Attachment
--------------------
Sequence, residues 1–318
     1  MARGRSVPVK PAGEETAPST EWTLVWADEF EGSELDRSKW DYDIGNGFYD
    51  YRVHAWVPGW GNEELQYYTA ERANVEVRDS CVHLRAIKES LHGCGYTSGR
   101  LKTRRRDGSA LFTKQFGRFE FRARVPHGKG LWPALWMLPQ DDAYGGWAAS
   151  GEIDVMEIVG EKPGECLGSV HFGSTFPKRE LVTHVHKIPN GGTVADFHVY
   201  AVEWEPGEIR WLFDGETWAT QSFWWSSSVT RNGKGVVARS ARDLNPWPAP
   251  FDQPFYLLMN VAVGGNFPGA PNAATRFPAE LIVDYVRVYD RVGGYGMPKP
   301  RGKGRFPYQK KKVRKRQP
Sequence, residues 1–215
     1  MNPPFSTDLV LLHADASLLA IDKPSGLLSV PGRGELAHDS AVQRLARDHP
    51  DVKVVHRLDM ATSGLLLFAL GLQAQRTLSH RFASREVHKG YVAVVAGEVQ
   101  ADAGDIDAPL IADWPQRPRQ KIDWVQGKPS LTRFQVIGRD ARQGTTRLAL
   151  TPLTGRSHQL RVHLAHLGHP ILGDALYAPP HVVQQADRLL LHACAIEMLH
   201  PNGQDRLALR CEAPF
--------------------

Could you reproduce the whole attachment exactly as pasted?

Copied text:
Sequence, residues 1–318
     1  MARGRSVPVK PAGEETAPST EWTLVWADEF EGSELDRSKW DYDIGNGFYD
    51  YRVHAWVPGW GNEELQYYTA ERANVEVRDS CVHLRAIKES LHGCGYTSGR
   101  LKTRRRDGSA LFTKQFGRFE FRARVPHGKG LWPALWMLPQ DDAYGGWAAS
   151  GEIDVMEIVG EKPGECLGSV HFGSTFPKRE LVTHVHKIPN GGTVADFHVY
   201  AVEWEPGEIR WLFDGETWAT QSFWWSSSVT RNGKGVVARS ARDLNPWPAP
   251  FDQPFYLLMN VAVGGNFPGA PNAATRFPAE LIVDYVRVYD RVGGYGMPKP
   301  RGKGRFPYQK KKVRKRQP
Sequence, residues 1–215
     1  MNPPFSTDLV LLHADASLLA IDKPSGLLSV PGRGELAHDS AVQRLARDHP
    51  DVKVVHRLDM ATSGLLLFAL GLQAQRTLSH RFASREVHKG YVAVVAGEVQ
   101  ADAGDIDAPL IADWPQRPRQ KIDWVQGKPS LTRFQVIGRD ARQGTTRLAL
   151  TPLTGRSHQL RVHLAHLGHP ILGDALYAPP HVVQQADRLL LHACAIEMLH
   201  PNGQDRLALR CEAPF